It must have shocked David when Nathan accused him of being the guilty party and then proceeded to describe how David had several wives, but had taken the only one Uriah had for himself, than had had Uriah murdered, using the Ammonite army to make it appear as just a natural result of war.  People might not know what David had done, but God knew every detail.  Proverbs 5:21 states, “For the ways of man are before the eyes of the LORD, and he pondereth all his goings.”  

He had not been fooled by David’s efforts to hide the sin.  Galatians 6:7 warns, “Be not deceived; God is not mocked: for whatsoever a man soweth, that shall he also reap.”  We are fooling ourselves when we think we have fooled God, and we will reap the results of what we have done.

“Now therefore the sword shall never depart from thine house; because thou hast despised me, and hast taken the wife of Uriah the Hittite to be thy wife.

Thus saith the LORD, Behold, I will raise up evil against thee out of thine own house, and I will take thy wives before thine eyes, and give them unto thy neighbour, and he shall lie with thy wives in the sight of this sun.  For thou didst it secretly: but I will do this thing before all Israel, and before the sun.” (II Samuel 12:10-12)

By not being satisfied with what God had given him, and taking Uriah’s wife, David had implied God’s provision was second rate and unacceptable, and that God wasn‘t smart enough to catch him.  He had despised and been disrespectful to God.

As a consequence of David’s action, his descendants would be constantly at risk of being killed, and part of the problem would come from within his family.  One of his own family would publicly have sexual relations with David’s wives as a sign of disrespect ot David.

“And David said unto Nathan, I have sinned against the LORD.”  (II Samuel 12:13a)

When confronted with proof of his sin in I Samuel 15. Saul blamed the people and insisted he had done nothing wrong, excusing his action by claiming it was for the prupose of sacrificing to God.  He didn’t acknowledge his sin until there was incontrovertible proof.  David, on the other hand acknowledged his sin immediately, with no effort to shift the blame to Bathsheba or anyone else.

"And Nathan said unto David, The LORD also hath put away thy sin; thou shalt not die.  Howbeit, because by this deed thou hast given great occasion to the enemies of the LORD to blaspheme, the child also that is born unto thee shall surely die.” (II Samuel 12:13b-14)

Under the law, the penalty for adultery and the penalty for murder were both  death.  Because David did not deny his sin, but confessed to it, God would forgive it as he has promised us.  I John 1:9-10 advises, “If we confess our sins, he is faithful and just to forgive us our sins, and to cleanse us from all unrighteousness.  If we say that we have not sinned, we make him a liar, and his word is not in us.”  By denying his sin Saul further despised God, accusing him of lying.  David would not be killed for his sin, But Saul would.

Although David was forgiven, the consequences of his sin would not be erased.  Many people believe that forgiveness erases the consequences of sin.  When a murderer asks forgiveness, it does not bring the victim back to life, and when a girl gets pregnant as a result of sex outside the marriage, asking forgiveness does not erase the pregnancy.  In the same way, asking ones mate for forgiveness for having an affair does not restore the trust.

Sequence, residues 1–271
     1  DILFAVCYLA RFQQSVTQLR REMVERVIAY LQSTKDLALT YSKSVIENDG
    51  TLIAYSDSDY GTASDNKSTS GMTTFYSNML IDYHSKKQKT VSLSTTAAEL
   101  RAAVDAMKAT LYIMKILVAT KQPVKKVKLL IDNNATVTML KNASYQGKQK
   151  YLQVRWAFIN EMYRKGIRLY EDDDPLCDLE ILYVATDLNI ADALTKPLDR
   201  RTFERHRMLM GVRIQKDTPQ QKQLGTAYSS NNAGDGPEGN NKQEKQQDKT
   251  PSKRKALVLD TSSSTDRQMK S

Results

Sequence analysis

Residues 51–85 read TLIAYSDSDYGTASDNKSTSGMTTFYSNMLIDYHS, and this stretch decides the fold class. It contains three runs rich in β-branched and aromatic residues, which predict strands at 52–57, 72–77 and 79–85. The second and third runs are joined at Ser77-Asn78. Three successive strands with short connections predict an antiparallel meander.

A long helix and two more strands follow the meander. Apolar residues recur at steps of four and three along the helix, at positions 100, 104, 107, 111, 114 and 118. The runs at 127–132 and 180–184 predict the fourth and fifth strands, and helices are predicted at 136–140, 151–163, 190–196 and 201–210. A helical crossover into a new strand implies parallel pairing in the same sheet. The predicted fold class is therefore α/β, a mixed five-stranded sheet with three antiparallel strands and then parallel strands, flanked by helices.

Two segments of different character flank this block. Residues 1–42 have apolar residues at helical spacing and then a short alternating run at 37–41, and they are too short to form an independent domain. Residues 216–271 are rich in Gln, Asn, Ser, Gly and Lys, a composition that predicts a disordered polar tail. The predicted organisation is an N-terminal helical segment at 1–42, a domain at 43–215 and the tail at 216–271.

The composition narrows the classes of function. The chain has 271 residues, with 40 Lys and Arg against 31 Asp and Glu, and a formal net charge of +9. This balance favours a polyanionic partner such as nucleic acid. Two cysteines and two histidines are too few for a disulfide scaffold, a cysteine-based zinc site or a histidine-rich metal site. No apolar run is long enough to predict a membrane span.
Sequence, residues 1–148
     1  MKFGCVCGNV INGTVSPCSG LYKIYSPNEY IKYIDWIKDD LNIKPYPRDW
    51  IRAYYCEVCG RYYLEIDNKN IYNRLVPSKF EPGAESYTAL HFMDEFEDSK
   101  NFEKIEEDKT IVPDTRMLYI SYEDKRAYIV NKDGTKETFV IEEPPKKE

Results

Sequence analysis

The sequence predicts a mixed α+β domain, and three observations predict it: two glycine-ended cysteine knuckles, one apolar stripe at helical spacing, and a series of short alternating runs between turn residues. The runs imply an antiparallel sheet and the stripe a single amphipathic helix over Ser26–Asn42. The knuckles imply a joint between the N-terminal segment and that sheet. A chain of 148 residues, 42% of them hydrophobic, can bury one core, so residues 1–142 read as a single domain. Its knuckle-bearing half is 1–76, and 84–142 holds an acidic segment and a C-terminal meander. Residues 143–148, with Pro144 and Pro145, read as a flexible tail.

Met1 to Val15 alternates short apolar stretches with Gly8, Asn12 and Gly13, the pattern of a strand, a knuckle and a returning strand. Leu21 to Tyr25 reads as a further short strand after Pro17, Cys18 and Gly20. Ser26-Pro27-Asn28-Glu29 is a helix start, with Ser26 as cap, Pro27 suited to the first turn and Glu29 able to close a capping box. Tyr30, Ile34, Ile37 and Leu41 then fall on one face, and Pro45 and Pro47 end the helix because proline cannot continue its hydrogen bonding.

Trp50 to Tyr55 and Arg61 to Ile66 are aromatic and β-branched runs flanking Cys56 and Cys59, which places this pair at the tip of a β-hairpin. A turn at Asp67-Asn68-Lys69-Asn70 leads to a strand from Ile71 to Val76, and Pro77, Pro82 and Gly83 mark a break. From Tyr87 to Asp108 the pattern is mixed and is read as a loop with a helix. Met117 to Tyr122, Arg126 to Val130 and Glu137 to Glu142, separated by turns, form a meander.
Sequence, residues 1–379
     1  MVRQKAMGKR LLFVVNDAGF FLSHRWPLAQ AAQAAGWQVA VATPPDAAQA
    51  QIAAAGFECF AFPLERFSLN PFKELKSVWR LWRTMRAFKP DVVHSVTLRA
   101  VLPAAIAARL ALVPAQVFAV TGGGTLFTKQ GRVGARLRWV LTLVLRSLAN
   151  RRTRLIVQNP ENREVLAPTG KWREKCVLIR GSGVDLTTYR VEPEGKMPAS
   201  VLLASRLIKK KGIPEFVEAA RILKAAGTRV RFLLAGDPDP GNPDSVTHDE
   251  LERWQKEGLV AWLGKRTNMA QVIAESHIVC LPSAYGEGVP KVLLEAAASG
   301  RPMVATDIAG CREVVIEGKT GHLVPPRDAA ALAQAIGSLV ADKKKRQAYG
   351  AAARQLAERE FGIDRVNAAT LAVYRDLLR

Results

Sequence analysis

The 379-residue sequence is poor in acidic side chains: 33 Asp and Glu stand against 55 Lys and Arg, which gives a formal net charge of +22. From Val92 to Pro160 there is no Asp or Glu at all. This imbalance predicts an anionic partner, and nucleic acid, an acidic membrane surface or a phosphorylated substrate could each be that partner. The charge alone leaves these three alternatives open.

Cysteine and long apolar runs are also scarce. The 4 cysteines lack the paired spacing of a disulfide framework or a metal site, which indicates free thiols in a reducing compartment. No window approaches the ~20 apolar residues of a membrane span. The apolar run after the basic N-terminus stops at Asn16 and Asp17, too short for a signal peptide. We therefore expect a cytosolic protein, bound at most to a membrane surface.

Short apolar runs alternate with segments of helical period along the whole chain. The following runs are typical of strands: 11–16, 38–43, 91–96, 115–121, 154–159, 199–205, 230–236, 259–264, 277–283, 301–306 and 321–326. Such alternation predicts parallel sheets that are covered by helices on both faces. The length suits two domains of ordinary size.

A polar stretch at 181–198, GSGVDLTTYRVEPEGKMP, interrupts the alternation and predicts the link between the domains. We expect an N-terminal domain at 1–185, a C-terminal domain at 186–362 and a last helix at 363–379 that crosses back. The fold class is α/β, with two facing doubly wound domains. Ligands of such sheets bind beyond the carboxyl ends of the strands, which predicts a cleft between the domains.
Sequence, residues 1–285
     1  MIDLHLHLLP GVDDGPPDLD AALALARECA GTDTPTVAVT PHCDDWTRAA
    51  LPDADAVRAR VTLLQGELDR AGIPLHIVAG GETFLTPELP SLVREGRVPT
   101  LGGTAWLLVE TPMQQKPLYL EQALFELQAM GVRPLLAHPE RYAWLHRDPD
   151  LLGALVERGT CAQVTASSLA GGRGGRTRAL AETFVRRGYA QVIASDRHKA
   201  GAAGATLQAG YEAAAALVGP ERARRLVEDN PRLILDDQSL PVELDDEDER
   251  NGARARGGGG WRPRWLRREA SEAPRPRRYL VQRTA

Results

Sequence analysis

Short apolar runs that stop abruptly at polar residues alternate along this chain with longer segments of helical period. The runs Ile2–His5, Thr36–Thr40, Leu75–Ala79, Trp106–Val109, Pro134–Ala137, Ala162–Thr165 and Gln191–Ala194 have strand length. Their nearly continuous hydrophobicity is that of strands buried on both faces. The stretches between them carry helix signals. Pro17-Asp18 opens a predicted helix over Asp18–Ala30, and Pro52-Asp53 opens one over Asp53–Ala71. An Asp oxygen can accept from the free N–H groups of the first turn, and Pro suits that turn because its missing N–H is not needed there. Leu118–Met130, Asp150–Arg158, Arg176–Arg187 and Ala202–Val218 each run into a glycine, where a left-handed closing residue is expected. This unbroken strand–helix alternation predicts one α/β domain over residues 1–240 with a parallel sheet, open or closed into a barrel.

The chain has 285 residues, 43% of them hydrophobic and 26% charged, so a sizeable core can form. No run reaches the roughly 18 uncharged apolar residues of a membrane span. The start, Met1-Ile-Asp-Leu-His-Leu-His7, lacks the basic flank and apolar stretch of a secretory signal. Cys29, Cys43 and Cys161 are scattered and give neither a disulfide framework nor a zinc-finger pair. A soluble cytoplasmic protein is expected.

David’s sin brought a reproach on the Lord, implying that it was okay for man of God to do wrong if he was important enough.  The world needed to see that power and prestige did not earn special favors from God.  The child that resulted from that sin would die.

“And Nathan departed unto his house.” (II Samuel 12:15a)

Wednesday, April 17, 2013

David’s Great Sin

II Samuel 11:1-27

“And it came to pass, after the year was expired, at the time when kings go forth to battle, that David sent Joab, and his servants with him, and all Israel; and they destroyed the children of Ammon, and besieged Rabbah.” (II Samuel 11:1)

 When the crops were all harvested there was a period when things were rather slow, and kings had time to think about expanding their kingdom.  It was also easier to gather the army when the men were not busy, and needed an income, so raids and attacks were more common during that time of year.  David took advantage of the period to conquer the Ammonites, sending Joab and the army to beseige the capital at  Rabbah, near present day Amman, Jordan.  They had destroyed and defeated the rest of the country.

“But David tarried still at Jerusalem.  And it came to pass in an eveningtide, that David arose from off his bed, and walked upon the roof of the king's house: and from the roof he saw a woman washing herself; and the woman was very beautiful to look upon.” (II Samuel 11:1b-2)

Confident of Joab’s military skills, David sent the army, but didn’t see any need to lead them himself.  With the army gone and no pressing business, he found it hard to get to sleep and went up on the rooftop to relax late at night.   Because her husband was out of town fighting the Ammonites, one of the neighbor ladies had decided to take a bath after everyone else had gone to bed to relax.  From the rooftop, David could see down into the courtyard and saw her.

He could have simply turned and went back into the house, and their would have been no sin on either part.  Instead, excited by what he saw, he stayed to watch and imagine what it would be like to be with her.  In Matthew 5:28, Jesus said, “But I say unto you, That whosoever looketh on a woman to lust after her hath committed adultery with her already in his heart.”  When he stopped to enjoy the sight and think about it, he yielded to his lust.